Guillaume Chartier (bishop)

Guillaume Chartier (died 1 May 1472) was a French bishop.

Guillaume Chartier.jpg

BiographieEdit

Born in Bayeux, Guillaume was the brother of Alain Chartier. He was elected bishop of Paris on 4 December 1447.[1] Twelve years later he was France's ambassador to the council of Mantua, at which delivered a speech in Latin which lasted over two hours.

He backed cathedral chapters' rights to elect bishops against royal attempts to take over that right. During the League of the Public Weal era he joined the mécontents. He held onto his bishopric until his death, but Louis XI of France recorded his hostility on Chartier's tomb[2] - that epitaph was later replaced by a more honourable one.[3]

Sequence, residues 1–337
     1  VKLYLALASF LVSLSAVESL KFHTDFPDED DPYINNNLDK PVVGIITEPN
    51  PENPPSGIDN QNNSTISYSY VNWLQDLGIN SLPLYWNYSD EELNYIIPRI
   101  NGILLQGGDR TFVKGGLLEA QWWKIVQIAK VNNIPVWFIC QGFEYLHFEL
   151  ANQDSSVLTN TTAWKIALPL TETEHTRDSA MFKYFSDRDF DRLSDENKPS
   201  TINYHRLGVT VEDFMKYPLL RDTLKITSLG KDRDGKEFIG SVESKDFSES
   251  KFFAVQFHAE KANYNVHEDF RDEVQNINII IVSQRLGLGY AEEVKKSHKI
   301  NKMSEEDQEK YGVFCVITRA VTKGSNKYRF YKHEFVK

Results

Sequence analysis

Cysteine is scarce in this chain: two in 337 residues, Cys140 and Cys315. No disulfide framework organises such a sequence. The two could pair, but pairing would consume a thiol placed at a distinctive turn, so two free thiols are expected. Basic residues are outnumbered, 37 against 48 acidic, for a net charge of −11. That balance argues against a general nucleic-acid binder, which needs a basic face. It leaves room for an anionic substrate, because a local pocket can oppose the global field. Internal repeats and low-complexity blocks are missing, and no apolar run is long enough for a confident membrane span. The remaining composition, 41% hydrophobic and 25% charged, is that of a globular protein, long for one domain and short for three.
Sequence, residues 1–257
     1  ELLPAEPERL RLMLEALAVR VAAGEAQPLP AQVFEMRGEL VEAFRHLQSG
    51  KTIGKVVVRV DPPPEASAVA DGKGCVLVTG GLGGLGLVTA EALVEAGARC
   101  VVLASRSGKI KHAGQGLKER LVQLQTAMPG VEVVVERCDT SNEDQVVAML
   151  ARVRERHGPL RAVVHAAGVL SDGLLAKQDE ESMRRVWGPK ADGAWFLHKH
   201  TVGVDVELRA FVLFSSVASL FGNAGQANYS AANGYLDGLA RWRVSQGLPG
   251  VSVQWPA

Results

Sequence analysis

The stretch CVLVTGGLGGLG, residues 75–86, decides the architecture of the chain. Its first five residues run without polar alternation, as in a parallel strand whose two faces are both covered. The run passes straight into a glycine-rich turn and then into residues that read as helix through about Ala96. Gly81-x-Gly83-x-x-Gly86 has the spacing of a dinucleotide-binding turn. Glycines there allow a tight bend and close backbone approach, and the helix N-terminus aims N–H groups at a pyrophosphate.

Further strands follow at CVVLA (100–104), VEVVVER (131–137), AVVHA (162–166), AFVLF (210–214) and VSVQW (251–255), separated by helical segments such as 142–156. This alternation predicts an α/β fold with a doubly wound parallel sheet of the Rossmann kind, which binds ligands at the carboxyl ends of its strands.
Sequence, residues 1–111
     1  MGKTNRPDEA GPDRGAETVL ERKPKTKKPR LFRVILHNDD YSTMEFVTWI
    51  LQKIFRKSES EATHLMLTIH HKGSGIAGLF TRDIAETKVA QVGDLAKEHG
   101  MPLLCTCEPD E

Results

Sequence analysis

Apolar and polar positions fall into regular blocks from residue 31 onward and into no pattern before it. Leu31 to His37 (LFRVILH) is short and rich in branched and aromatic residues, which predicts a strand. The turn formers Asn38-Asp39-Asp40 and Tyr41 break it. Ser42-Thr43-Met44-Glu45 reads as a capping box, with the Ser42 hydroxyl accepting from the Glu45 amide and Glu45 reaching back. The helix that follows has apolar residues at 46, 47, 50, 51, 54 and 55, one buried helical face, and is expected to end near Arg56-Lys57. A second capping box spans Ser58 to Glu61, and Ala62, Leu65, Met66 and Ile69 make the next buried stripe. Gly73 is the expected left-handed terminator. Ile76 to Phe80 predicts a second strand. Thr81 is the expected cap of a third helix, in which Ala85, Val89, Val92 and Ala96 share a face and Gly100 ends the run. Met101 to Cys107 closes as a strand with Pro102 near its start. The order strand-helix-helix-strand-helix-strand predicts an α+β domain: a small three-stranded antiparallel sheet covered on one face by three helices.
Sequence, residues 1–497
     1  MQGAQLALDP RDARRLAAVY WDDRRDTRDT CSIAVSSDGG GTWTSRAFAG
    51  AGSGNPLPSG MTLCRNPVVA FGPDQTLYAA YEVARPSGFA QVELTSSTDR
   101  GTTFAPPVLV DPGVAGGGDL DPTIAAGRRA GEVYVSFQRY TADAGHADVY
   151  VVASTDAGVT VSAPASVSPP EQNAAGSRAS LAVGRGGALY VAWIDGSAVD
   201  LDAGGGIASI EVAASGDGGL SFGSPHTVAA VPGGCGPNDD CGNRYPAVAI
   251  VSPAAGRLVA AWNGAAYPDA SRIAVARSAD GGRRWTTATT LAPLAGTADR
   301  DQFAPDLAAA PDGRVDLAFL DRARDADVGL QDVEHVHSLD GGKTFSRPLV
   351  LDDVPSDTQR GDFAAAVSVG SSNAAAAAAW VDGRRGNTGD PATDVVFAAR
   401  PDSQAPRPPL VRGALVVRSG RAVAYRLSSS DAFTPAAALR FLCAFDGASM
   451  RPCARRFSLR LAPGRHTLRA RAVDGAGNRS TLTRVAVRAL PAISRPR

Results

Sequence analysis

ReferencesEdit

  1. ^ François Grudé de La Croix Du Maine et al., Les bibliotheques francoises, 1772-1773
  2. ^ Jean Julg, Les évêques dans l'histoire de la France: Des origines à nos jours, Téqui, 2004, p. 126.
  3. ^ M. G. du Fresne de Beaucourt, Mémoires de la Société des Antiquaires de Normandie, 3ème série, 8ème volume, 1870, Derache, Paris. This document downloadable contains a detailed study on Chartier.

SourcesEdit

  • Clavel de St Geniez, Histoire chrétienne des diocèses de France, de Belgique, de Savoie et des bords du Rhin, 1885